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Self-control is basically restraining yourself from doing something that may feel good in the short run, but may not be in your best interests in the long run. This includes not gorging on cookies if you are trying to manage your weight, or even sticking to your exercise plan.
As almost all of us have experienced in our lives, self-control failure is common, as the urge for instant gratification, laziness or lack of willpower makes it hard to practice it consistently.
Self-control is a kind of mind muscle that if used continuously, tires out just like the physical counterpart.
Difficult days that rob our energy also sap us out of our willpower, make us psychologically weak and unable to resist the temptation to give up on our plan. We are more likely to skip the evening gym session if we were occupied the whole day, mentally and physically exhausted.
Instead of trying to apply willpower when all the stages (situational, attentional, appraisal and response) have already taken place, one can strategize at the start of the stage and ensure that those do not happen at all.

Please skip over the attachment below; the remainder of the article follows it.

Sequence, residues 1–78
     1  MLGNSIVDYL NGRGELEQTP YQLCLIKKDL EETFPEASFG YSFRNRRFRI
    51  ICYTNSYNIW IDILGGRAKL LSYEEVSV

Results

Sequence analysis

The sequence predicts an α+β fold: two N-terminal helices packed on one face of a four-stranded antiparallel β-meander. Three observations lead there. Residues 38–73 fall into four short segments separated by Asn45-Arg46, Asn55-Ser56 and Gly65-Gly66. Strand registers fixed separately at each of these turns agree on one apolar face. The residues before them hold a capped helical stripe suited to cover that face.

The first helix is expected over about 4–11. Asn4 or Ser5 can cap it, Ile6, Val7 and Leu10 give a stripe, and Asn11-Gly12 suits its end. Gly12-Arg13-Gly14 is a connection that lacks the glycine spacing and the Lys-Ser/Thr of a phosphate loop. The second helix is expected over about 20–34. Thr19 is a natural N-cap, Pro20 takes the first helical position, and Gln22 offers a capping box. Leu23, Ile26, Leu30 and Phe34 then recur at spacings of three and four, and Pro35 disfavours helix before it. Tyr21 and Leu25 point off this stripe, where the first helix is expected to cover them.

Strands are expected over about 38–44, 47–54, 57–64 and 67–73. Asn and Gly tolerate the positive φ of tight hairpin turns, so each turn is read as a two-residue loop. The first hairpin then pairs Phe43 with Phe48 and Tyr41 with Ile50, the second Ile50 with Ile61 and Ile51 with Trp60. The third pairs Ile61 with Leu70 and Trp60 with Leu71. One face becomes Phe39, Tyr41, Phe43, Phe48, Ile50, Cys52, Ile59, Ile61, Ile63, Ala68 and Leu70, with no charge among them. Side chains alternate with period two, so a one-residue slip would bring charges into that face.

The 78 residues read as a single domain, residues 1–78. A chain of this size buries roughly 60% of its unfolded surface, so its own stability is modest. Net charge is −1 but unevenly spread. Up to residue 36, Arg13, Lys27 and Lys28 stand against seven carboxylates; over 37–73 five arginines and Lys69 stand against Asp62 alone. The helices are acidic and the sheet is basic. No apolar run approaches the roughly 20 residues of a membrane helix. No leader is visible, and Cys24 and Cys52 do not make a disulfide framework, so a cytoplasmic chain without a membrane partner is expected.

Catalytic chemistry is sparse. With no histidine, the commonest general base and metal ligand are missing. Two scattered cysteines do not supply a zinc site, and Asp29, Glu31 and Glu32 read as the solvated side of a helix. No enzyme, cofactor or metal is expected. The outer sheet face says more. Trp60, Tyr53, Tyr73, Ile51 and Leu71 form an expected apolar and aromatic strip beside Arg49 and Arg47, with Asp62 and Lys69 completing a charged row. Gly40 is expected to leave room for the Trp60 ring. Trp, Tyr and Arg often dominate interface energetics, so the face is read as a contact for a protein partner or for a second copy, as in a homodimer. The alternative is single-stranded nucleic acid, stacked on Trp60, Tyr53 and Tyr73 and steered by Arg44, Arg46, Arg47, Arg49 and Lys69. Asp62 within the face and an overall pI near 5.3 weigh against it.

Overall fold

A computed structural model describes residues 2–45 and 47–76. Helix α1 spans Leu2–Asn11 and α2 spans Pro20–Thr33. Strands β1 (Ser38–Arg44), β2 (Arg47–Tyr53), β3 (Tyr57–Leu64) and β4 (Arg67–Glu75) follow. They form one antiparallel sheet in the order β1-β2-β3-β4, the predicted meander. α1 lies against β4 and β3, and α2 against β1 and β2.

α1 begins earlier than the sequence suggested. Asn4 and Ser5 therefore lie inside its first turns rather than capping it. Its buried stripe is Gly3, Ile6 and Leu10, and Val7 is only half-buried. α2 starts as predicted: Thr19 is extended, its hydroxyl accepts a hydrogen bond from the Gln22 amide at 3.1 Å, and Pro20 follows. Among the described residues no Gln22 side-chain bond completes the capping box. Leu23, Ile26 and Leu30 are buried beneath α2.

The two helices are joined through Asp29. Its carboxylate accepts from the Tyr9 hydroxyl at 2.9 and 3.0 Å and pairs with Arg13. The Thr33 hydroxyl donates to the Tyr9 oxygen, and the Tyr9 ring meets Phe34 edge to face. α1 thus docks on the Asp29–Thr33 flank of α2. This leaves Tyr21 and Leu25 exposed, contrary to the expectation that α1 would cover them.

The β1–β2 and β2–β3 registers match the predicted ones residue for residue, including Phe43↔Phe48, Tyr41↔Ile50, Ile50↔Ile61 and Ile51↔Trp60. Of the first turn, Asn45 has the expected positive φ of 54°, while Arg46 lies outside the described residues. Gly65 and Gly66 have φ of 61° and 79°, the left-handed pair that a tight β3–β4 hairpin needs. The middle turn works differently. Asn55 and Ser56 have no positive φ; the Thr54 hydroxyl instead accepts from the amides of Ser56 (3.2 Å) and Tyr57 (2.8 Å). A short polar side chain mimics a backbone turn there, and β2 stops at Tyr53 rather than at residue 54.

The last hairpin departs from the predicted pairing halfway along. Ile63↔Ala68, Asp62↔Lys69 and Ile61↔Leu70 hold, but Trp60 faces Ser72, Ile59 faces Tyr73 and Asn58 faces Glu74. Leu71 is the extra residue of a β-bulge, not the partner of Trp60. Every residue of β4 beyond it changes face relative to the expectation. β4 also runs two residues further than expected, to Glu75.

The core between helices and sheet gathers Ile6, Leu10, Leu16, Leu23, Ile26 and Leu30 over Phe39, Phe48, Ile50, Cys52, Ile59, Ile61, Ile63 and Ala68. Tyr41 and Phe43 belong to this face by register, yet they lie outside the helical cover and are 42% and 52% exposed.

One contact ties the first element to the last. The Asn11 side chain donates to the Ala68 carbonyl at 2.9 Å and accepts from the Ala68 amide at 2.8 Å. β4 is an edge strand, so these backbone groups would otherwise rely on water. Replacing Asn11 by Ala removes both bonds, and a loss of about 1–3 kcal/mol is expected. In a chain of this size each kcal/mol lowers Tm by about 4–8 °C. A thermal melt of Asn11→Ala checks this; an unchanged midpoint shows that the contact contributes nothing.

For instance, the situational stage where we are faced with the temptation right in front of us could itself be avoided if we actively pursue not being in that situation. Example: Not buying the box of cookies, not placing it at home, and not going to the supermarket where one can easily find and buy it.
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... is the ability to regulate and alter responses in order to avoid undesirable behaviors, increase desirable ones, and achieve long-term goals.
A lack of willpower is not the only factor that affects goal attainment.
Willpower is the ability to resist or delay short-term desires to achieve long-term goals. Other names for willpower are self-discipline, self-control, self-regulation, determinati...
So we should stop worshiping self-control and start thinking about diluting the power of temptation. Because resisting temptation either only has short-term gains or can be an outright failu...
Studies have shown that people that are really good at achieving their goals are not the ones that put more effort into exerting self-control in the face of temptations, but the ones that experience fewer temptations to start with.